Binance Looking for Investments from Sovereign Wealth Funds, Hopes to Offset Regulatory Pressure: Report

Binance is said to be approaching sovereign wealth funds to invest in the world’s largest crypto exchange.

Binance, the largest crypto exchange in the world, has largely been able to avoid the growing concern of global financial regulators and an increasing desire to reign in a relatively unregulated sector of finance.

According to the FT, Binance is hoping to “buttress relationships with governments and offset aggressive regulators.” Binance is also said to be looking for capital for its US operations in advance of a potential IPO.

The comments came as part of an interview with the broadsheet publication. The same report shares that Binance is booking daily trading volume of $170 billion. For comparison, an article on CNBC from the beginning of the year pegged US equities average daily trading volume at $14.7 billion.

Overall, crypto exchanges have been a sure-fire path to generating net income in the crypto sector – if the exchange is well managed. While cryptocurrencies are well known for roller-coaster-type volatility, a digital asset marketplace generates income in either direction as traders generate revenue whether markets are rising or diving.

Coinbase, the largest crypto marketplace in the US currently has a market cap of over $80 billion. As of the end of September, Coinbase reported $327 billion in quarterly trading volume – a number that Binance tops in just two days of trading.

Binance founder Changpeng “CZ” Zhao is apparently visiting various jurisdictions meeting with regulators looking for a home for its operations. France, and Singapore are on the list as well as the Middle East countries of Bahrain, Qatar, and Dubai. Binance is said to be “waiting for more clarity before committing to a single jurisdiction.” The fact that Temasek, a Singapore sovereign fund, has invested in Binance via Vertex Ventures, may aid in the decision.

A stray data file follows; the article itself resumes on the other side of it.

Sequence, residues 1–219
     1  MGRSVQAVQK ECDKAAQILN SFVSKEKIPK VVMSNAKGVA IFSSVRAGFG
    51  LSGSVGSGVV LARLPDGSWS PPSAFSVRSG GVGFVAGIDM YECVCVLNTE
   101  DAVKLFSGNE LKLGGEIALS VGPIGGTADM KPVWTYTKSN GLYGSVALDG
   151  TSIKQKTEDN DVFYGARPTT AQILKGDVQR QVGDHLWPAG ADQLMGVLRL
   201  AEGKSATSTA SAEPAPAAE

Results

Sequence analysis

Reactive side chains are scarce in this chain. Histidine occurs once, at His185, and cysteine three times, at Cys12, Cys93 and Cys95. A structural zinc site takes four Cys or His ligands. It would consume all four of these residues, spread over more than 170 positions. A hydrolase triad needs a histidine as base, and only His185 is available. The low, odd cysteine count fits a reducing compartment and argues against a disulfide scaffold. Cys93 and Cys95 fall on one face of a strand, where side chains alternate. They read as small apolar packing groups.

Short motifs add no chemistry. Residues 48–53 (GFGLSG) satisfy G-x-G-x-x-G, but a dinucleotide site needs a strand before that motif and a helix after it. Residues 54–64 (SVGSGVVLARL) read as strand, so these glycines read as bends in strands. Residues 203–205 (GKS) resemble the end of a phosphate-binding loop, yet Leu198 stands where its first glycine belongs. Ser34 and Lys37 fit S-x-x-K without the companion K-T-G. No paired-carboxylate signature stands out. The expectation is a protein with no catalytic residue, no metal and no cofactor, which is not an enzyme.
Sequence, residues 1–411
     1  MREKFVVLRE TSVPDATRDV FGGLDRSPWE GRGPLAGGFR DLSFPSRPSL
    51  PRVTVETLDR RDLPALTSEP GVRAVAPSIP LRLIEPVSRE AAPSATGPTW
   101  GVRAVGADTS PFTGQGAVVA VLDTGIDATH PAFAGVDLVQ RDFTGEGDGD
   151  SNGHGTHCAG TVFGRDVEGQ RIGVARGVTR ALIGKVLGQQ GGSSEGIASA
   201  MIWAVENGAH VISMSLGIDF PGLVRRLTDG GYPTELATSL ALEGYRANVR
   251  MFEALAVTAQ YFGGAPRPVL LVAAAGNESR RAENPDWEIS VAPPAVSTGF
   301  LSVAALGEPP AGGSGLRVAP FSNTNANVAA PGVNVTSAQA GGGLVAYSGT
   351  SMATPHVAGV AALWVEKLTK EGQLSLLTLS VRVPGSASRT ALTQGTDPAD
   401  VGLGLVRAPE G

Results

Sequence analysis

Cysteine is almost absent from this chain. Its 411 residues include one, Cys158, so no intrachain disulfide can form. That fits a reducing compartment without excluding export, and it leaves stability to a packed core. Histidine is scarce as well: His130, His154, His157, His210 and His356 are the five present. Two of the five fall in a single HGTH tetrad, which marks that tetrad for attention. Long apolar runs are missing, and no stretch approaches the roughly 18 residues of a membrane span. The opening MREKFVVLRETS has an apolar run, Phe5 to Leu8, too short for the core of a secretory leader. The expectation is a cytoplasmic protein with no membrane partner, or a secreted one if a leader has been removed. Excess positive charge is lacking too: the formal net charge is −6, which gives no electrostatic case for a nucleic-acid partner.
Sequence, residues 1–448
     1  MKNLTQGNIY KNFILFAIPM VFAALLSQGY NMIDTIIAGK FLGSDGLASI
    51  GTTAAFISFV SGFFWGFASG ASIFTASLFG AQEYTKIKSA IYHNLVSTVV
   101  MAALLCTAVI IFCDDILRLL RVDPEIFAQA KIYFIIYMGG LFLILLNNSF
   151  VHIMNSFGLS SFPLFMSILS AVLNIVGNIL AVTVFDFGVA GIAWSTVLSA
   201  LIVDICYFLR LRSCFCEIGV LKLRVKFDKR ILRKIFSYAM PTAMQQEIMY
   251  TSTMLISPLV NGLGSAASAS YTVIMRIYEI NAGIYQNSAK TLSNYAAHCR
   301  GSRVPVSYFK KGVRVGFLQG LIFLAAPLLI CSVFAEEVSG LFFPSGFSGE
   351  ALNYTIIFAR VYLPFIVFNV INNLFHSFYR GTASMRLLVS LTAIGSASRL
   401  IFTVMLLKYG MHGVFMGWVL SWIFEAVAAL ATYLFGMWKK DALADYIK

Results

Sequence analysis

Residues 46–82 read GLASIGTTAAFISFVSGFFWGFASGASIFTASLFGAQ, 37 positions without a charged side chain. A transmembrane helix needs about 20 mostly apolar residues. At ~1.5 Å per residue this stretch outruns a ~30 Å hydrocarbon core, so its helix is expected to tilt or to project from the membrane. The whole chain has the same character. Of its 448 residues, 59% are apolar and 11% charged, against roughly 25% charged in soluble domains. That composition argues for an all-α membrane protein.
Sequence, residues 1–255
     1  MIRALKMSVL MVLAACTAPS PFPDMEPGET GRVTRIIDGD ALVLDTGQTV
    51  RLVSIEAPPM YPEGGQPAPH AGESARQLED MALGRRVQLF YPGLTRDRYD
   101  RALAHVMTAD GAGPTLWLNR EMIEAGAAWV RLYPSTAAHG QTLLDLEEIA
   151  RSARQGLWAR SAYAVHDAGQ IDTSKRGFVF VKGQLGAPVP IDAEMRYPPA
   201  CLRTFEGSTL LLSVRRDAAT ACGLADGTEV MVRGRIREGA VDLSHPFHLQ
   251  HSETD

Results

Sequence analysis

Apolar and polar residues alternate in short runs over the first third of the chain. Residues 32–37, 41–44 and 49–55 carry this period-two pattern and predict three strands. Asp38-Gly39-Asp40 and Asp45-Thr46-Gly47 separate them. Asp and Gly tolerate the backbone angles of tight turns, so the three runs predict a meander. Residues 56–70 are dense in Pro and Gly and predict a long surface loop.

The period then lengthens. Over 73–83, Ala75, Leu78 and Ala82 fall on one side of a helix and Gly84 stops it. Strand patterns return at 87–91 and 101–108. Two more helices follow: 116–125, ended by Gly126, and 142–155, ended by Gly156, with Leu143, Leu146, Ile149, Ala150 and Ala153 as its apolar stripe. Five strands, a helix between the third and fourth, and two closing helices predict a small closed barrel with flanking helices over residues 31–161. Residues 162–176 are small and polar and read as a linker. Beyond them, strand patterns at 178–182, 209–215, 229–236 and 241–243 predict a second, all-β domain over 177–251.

While initially launched in China, today Binance is more of a virtual operation without an apparent headquarters or home base of regulation. The fact that Binance is not tied to a single country cuts both ways. While not having to adhere to the oversight of one specific country, Binance has been able to shield itself from local enforcement actions. But time may be running out for Binance as global regulators tighten their grip on crypto marketplaces along with the challenge of money laundering concerns and other nefarious activity. More pressingly, perhaps, is the US where the securities regulator has publicly voiced its concern regarding unregulated crypto marketplaces. The US Securities and Exchange Commission has shown its willingness to pursue offshore operations – as long as US investors have been harmed.



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